Immersive exhibitions are a different application of AR to the Ant Reality glasses Ian mentioned, but both speak to the wider adoption of this tech across multiple spheres of life.
Sergio Agosti: AI on the chess board
I love chess and, like many fans of the game, I often play it online. Online chess is convenient: I can play whenever I like without having to persuade a friend or family member to join me. But it’s missing the key physical element of chess: the board and the pieces.
Chess pieces have a long history: chess is believed to have been invented 1,500 years ago. Over the years they have changed from representations of a battlefield to the standard set we see today, the Staunton Chess Set, which is based on the make-up of a royal court. The Lewis Chessmen are an exquisite example of royal court-inspired pieces.
As much as I love online chess, it doesn’t really compare to the physical game. Until now, a hybrid solution would have been difficult, but AI has made it possible. One such board is Phantom: a physical board powered by AI. You can move your pieces physically, while your opponent plays online or on their own board. Their pieces move across the board as if in real life. If you have no real opponent, AI plays against you at your skill level. Appropriately named, it’s like playing with a ghost.
There are many possibilities for physical-AI hybrids and I’m sure we’ll continue to see more pop up. Especially as we become more certain of the parameters for how AI can positively fit into our lives, as Pierrick mentioned.
Nicholas Caruana: no more cables
I hate having electricity cables all over my house. They’re ugly and they get in the way. I started dreaming about whether wireless electricity is possible. And it is. Well, nearly. There are several experiments under way to transmit wireless technology over long distances.
The possibilities for this technology are really exciting, especially from an environmental standpoint. Universal wireless charging would reduce preventable waste. The terrible battery life of iPhones, broken charging cords, adaptors and the frustration of needing new cables for different devices would all be confined to the past. Wireless charging would also be fantastic for electric cars. Currently, they can’t cover the same distances that petrol cars can because you’ve always got to stop to charge them. But with wireless charging, nothing would be holding them back.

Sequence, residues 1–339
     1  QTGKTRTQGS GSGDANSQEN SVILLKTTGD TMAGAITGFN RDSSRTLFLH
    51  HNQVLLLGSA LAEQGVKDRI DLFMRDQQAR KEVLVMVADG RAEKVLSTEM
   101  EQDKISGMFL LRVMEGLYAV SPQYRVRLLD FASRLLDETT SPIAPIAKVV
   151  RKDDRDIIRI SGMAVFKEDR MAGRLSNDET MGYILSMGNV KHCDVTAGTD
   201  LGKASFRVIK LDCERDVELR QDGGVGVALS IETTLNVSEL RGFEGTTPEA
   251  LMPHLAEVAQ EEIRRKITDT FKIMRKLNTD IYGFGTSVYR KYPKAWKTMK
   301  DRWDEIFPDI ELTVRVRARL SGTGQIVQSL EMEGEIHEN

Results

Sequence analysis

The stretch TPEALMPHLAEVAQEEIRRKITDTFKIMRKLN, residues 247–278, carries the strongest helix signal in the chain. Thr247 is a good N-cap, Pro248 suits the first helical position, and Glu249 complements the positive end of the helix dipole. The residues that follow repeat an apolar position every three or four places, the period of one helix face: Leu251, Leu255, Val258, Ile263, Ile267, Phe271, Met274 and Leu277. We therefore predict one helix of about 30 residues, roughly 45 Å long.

For marketers, the world would become your canvas. Free from the restrictions of cables or cumbersome batteries, real-world brand interventions would have no limits. There’s a data angle here, too. I see a similarity between wireless electricity and WiFi, which phased out the need for ethernet cables. Accessing free WiFi usually involves handing over some personal data – your name and email – which is useful for marketers. Wireless electricity may enable marketers to employ the same tactic while engaging directly with consumers. Walking into a room powered by a brand, you could be met with a greeting: “wireless charging provided by [your brand]”. Wireless charging is in its infancy, but some exciting examples were showcased at CES 2022.
Time will tell what the impact will be, but I’ll be keeping a close eye on these experiments.
Ready for the future
Have you incorporated AI into your digital process? Could your next campaign have more impact as a virtual experience? With AI rapidly moving from trend to mainstream, what major disruptive force will come next?
Our strategists and digital specialists always have their fingers on the pulse, so we can prepare our clients for the next big thing. Whatever it may be.